Michelle Macario was struggling to follow online classes through the tiny screen of her smartphone. She had no laptop and no Wi-Fi at home, and the library where she normally studied at her community college in Los Angeles was closed. So two weeks into the coronavirus shutdown in the spring, she dropped all of her courses to avoid failing. Things are not much better this semester. Ms. Macario, 18, who is majoring in psychology at Santa Monica College, left the crowded apartment in Los Angeles that she shared with her immigrant family from Guatemala and has been crashing with her sister and friends.

Ars Technica SpaceX gets FCC approval to bid in $16 billion rural-broadband auction
SpaceX is one of the 386 entities that have qualified to bid in a federal auction for rural-broadband funding. SpaceX has so far overcome the Federal Communications Commission’s doubts about whether Starlink, its low-Earth orbit (LEO) satellite service, can provide latency of less than 100ms and thus qualify for the auction’s low-latency tier. With the FCC’s Rural Digital Opportunity Fund (RDOF) set to distribute up to $16 billion to ISPs, the FCC initially placed SpaceX on the “incomplete application” list, which includes ISPs that had not shown they were qualified to bid in their desired performance and latency tiers.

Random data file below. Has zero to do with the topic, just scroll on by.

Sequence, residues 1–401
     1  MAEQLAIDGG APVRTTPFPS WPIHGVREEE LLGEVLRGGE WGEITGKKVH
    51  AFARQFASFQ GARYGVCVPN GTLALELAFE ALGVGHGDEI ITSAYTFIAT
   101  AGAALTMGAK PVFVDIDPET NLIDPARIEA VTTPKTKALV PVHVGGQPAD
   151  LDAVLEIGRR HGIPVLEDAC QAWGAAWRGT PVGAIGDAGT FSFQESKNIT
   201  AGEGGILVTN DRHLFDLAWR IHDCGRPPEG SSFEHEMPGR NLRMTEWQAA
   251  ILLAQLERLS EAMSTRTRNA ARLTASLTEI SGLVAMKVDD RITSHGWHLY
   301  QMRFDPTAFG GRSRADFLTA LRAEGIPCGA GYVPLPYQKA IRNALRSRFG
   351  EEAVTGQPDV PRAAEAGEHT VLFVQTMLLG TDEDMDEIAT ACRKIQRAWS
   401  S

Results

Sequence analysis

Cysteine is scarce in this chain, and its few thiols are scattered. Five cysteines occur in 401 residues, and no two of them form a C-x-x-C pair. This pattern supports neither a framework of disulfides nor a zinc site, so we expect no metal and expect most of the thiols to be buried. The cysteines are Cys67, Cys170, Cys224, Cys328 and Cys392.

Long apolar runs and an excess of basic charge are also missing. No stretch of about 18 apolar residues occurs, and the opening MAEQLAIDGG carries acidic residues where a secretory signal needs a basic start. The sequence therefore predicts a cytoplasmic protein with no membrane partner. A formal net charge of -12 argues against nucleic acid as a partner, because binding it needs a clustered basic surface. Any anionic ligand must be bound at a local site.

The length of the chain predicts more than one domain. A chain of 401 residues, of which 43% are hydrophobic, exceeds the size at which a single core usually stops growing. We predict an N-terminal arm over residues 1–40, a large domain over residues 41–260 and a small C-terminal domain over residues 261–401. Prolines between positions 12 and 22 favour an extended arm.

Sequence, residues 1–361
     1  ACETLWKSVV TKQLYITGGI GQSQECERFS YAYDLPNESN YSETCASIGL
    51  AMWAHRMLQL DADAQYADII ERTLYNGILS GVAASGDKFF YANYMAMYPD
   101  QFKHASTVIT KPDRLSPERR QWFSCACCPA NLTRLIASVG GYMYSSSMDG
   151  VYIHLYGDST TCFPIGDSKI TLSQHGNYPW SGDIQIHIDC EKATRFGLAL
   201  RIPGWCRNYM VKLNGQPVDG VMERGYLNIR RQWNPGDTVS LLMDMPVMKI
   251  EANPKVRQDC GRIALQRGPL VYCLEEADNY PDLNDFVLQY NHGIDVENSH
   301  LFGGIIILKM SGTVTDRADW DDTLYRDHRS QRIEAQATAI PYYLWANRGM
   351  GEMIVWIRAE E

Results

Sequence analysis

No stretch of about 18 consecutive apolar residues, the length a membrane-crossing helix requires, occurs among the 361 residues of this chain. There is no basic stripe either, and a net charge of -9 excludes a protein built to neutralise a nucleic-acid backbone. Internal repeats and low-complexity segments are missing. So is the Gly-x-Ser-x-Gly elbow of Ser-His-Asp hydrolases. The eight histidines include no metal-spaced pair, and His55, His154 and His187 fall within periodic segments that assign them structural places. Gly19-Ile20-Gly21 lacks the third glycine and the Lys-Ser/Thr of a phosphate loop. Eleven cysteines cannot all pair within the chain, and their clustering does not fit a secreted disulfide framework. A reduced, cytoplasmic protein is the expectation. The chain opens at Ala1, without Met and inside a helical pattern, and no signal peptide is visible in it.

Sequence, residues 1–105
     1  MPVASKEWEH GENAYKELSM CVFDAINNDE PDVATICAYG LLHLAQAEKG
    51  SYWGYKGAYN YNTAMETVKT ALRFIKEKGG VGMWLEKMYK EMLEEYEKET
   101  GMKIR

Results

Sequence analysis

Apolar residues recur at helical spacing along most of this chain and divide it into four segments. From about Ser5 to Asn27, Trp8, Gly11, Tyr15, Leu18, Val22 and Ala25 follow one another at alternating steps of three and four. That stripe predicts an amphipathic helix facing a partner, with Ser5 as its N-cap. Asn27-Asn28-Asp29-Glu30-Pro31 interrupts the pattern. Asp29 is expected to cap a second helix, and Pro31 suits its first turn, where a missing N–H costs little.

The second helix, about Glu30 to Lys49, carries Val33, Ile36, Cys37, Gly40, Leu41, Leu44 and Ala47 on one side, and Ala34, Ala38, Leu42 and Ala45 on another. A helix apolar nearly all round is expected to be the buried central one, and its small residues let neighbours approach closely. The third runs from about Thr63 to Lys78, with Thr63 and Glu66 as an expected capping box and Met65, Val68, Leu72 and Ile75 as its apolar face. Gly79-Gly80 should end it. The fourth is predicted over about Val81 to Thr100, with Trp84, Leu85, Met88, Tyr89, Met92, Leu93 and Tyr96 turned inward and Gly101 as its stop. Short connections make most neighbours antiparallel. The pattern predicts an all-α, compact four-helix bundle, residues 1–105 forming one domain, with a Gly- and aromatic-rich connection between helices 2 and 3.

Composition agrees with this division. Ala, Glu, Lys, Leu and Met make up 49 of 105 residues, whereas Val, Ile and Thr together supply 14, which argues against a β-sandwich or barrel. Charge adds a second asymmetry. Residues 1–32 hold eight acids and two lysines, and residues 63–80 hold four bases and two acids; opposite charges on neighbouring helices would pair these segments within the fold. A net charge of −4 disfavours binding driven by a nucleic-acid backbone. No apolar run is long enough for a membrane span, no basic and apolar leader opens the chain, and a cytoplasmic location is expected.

Financial Times After deepfakes, a new frontier of AI trickery: fake faces
“Alfonzo Macias” looks unremarkable at first glance — bearded, bespectacled, with a short widow’s peak. But his strangely distorted glasses and the dissolving background behind him hint at a discomforting truth: Mr Macias never existed. Undetectable to the naked eye, the uncannily human face is in fact the creation of an algorithm — one used by pro-Trump media outlet TheBL to give an identity to one of the many fake Facebook accounts that it uses to drive traffic to its website.

Medical Xpress Using artificial intelligence to predict cardiovascular disease
An international team of researchers has developed a way to use artificial intelligence to predict the risk of a patient developing cardiovascular disease. In their paper published in the journal Nature Biological Engineering, the group describes using retinal blood vessel scans as a data-source for a deep learning system to teach it to recognize the signs of cardiovascular disease in people.